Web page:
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The Gap Widens...Changes Serie A Needs To Make

Posted by Aymen Gheddai Friday, March 12, 2021

During the second half of AC Milan's second leg defeat to Manchester United, esteemed commentator Martin Tyler
opined about how the Premier League was far more competitive than the Serie A. This sentiment has been a recurring one for the past few seasons, specifically since the Premier League teams have started dominating the Champions League. Mr. Tyler, unlike many of his isolationist-type colleagues in England, tends to be rather knowledgeable about non-English football, so when he makes such a declaration some consideration is due.

The all round quality of the Premier League is actually not that competitive in relation to the other top leagues in Europe. In spite of that, the top three or four teams in England are significantly stronger than the ones in Italy, Spain, Germany, and/or France. Without digressing too much, the main focus here is the gulf that is beginning to show between Italy and England.

Football today is very business inclined and as a result the various leagues are now viewed as if they are products. The English realized this early on dubbing their league the "Premier League" and have not looked back since. Not long ago fans analyzed the respective leagues strictly based on the quality of football (Italy is very tactical, Spain technical, England physical etc.), while that remains to a certain degree, it is not the sole source of evaluation. Nowadays fans are captivated by excitement almost more so than the actual quality of the football being played. Once again the English realized this early on. It started with constant declarations about the Premier League being the most exciting league in the world, but now it has evolved into a whole new creature.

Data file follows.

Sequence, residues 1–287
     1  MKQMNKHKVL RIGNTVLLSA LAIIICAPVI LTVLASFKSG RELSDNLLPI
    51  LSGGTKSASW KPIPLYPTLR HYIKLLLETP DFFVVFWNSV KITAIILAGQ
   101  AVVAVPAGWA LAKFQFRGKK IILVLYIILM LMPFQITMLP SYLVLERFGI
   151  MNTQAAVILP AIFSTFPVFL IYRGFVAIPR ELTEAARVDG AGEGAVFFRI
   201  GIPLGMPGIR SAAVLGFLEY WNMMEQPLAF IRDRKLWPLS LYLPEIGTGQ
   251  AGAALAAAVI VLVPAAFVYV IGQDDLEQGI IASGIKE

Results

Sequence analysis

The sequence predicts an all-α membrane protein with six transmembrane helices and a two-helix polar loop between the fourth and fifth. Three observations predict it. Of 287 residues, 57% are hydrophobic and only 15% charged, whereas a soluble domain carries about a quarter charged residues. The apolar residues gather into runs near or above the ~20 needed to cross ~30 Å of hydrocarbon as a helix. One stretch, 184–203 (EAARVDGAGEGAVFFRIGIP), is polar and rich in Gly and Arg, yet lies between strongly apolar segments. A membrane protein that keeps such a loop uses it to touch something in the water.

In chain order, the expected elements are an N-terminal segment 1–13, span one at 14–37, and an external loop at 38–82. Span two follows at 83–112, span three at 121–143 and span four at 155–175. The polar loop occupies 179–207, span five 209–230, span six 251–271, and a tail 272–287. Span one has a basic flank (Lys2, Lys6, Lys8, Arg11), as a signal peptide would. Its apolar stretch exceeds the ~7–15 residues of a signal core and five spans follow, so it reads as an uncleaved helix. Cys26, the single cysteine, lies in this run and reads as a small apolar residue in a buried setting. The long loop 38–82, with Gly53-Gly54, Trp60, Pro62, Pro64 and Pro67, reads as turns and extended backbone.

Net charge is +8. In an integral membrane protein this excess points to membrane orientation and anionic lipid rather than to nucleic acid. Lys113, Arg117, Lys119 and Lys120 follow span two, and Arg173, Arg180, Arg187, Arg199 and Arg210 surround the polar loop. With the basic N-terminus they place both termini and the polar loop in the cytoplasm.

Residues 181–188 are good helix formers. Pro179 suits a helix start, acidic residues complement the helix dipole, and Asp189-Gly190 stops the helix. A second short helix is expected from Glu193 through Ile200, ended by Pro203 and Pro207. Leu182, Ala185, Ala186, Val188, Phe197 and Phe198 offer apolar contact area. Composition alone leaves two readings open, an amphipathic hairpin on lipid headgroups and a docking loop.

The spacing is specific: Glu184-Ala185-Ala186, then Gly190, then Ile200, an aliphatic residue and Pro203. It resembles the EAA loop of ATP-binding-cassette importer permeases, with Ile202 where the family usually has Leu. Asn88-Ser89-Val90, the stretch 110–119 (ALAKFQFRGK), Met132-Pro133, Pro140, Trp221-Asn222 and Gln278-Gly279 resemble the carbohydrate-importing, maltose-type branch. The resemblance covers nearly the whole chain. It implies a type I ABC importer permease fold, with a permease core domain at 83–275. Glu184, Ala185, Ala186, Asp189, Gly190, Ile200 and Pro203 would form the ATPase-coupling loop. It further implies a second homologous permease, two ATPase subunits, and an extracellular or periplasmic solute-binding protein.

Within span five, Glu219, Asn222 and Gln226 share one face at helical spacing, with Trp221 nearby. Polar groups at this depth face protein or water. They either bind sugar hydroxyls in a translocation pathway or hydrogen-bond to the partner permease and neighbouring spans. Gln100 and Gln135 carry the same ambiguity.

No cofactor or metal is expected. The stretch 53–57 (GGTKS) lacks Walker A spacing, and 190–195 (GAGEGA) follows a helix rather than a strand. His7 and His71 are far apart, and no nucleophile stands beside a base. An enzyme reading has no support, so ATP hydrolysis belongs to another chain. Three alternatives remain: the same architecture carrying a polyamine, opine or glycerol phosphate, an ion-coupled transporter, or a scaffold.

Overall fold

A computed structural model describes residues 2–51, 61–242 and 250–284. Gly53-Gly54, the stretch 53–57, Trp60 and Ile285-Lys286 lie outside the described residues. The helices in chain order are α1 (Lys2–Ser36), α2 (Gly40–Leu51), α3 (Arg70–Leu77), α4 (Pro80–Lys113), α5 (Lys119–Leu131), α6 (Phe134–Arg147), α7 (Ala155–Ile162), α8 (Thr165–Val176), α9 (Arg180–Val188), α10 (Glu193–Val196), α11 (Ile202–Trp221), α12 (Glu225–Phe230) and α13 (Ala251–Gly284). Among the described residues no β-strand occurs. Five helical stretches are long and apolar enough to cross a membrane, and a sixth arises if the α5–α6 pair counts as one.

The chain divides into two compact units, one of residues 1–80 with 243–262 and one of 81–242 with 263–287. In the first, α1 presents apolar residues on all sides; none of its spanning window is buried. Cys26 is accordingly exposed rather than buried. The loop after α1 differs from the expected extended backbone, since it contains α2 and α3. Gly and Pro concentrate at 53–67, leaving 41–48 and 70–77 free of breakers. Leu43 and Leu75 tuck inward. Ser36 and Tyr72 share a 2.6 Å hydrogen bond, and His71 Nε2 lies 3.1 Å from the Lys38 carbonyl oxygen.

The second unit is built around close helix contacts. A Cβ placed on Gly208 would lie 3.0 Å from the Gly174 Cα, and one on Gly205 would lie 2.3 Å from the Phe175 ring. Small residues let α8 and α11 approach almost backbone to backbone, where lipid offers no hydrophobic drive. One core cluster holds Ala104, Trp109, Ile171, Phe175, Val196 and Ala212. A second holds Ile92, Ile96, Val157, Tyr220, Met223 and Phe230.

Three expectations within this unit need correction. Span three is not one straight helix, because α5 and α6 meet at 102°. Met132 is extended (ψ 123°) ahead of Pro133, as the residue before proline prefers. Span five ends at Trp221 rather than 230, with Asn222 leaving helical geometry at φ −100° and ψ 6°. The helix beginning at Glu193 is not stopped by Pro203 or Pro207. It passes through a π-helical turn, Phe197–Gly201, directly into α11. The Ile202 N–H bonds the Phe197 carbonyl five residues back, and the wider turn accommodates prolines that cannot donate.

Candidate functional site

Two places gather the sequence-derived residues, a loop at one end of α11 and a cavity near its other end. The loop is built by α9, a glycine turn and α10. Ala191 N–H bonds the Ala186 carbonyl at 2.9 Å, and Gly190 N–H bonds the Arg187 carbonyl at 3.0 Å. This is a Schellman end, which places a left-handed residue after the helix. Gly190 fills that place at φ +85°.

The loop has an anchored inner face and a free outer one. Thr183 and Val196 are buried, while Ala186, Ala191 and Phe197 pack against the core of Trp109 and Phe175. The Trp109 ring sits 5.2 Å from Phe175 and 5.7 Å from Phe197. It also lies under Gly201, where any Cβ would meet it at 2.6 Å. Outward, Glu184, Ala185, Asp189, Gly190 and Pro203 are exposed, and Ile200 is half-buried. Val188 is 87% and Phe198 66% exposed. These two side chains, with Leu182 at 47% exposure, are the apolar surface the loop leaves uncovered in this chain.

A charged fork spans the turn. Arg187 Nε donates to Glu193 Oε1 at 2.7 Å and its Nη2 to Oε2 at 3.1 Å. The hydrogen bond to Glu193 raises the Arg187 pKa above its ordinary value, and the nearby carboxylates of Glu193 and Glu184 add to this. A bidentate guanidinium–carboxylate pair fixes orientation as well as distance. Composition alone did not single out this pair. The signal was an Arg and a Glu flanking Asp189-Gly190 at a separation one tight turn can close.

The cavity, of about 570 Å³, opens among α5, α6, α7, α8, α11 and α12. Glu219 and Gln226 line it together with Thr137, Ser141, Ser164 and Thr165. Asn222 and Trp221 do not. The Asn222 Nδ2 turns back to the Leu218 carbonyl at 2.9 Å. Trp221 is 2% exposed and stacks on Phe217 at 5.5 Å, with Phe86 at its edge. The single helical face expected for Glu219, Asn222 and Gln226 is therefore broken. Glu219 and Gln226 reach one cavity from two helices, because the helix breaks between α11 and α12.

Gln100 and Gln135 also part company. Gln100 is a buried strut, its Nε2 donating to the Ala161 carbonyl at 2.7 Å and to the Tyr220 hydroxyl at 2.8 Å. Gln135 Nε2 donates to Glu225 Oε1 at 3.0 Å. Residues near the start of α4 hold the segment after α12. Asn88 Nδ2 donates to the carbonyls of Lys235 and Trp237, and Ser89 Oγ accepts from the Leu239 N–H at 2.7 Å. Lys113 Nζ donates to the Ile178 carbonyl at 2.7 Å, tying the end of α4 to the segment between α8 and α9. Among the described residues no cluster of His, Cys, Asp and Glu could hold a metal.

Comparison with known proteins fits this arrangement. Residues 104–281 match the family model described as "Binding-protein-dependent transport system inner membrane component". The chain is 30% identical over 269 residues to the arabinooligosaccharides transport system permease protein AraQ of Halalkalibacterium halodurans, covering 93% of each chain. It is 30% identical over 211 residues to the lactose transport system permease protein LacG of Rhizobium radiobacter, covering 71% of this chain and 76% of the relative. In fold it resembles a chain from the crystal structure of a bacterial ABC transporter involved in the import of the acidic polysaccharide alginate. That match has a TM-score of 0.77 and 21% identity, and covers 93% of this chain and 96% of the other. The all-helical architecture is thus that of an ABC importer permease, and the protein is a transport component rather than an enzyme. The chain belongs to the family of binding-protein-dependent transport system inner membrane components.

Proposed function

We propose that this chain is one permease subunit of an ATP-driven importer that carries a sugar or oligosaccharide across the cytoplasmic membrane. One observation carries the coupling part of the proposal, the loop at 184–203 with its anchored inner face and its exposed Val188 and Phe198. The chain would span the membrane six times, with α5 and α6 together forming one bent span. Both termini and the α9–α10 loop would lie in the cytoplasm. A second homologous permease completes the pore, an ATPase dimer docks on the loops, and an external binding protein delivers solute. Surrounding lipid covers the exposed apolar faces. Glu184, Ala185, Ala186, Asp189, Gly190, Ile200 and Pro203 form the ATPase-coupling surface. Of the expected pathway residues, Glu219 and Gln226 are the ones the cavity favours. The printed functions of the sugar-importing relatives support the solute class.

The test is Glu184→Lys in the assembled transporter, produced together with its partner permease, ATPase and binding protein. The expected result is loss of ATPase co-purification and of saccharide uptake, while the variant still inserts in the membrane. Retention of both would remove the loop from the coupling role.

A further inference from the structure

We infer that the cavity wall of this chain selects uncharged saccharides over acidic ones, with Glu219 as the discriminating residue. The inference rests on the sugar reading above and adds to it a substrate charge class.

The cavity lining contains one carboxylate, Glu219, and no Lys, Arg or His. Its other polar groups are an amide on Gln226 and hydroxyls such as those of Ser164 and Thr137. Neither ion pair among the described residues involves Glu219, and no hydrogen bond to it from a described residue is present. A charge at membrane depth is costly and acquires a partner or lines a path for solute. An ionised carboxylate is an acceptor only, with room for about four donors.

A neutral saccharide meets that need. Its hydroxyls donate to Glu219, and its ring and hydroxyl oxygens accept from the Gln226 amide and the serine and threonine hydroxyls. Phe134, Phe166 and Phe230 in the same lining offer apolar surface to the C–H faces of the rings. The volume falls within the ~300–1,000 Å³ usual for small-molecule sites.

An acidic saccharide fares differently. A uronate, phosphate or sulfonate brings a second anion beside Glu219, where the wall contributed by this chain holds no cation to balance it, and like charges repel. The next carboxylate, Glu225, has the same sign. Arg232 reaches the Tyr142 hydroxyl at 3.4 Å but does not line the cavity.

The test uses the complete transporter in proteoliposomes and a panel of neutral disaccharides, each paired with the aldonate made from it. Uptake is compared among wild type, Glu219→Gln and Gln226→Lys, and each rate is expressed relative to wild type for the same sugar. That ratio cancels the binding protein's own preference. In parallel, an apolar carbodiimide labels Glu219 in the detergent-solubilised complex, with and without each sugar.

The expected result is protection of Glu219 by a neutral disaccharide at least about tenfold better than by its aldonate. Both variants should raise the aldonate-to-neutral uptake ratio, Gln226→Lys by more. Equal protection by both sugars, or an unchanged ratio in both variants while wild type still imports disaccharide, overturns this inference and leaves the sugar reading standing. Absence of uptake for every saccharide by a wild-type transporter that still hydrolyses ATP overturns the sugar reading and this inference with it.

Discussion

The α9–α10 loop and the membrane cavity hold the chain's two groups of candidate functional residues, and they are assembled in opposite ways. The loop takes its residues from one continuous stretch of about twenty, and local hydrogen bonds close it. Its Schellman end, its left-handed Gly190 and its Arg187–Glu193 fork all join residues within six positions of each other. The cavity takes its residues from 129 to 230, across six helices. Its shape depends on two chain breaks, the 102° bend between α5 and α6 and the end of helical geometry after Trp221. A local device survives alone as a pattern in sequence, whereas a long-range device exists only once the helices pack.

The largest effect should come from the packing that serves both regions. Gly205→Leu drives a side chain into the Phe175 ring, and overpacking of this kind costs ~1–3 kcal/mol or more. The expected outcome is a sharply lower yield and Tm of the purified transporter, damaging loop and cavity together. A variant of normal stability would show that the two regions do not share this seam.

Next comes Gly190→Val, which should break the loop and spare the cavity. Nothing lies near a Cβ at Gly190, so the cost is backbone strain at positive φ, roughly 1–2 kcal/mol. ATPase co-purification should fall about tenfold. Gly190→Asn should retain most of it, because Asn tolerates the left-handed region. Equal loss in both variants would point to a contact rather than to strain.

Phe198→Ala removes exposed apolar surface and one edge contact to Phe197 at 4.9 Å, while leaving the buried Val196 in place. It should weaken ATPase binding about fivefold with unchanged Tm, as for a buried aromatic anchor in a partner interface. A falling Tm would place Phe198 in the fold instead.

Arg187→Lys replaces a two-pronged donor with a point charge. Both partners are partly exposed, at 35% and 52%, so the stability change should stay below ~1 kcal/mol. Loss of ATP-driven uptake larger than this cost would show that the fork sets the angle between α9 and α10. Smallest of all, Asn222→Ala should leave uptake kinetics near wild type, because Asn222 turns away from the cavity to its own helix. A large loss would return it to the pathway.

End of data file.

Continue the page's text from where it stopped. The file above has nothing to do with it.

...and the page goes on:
Simply viewing Sky Sports shows you the massive public relations campaign that the Premier League has behind it. The constant theme on Sky is that the Premier League is the "best league in the world." Going back to the product analogy, when watching a match from the respective leagues around Europe, clearly one league stands out. Viewing a Premier League match comes with the plush pitch, fans so close you can sometimes see what they are saying, and of course the decibel level is clearly more audible. All these are necessary components in ensuring television viewers are truly engrossed in the spectacle. As a result, that is the likely product you are going to endorse. That being said, apart from top of the table matches, sadly the Premier League seriously lacks in actual footballing quality. What does it matter though? As long as the fans are captivated, and the stadiums are full, the league will still be immensely popular, despite the lack of technical or tactical quality.

This bring us to the Serie A. When watching a match in Italy's top flight a few things are quickly noticeable starting with the stadium attendance. More often than not stadiums are never at capacity, which results in less support (vocally) and excitement. With Italian coaches having the tendency to be more tactical, numerous games are almost like a chess match, which may appeal to true football lovers, but once again as a product it does not appeal to the masses, who crave constant action, like the Premier League does.

Italian teams not only struggle with attendance levels, but stadium ownership is not even in place, with many teams paying a fee to city councils in order to play matches at the different venues. Italy is lagging behind England and Germany, where in both leagues the teams own their stadiums. This results in massive revenues for the respective clubs which in turn allows room for investment in the stadium, pitch, and, crucially, players.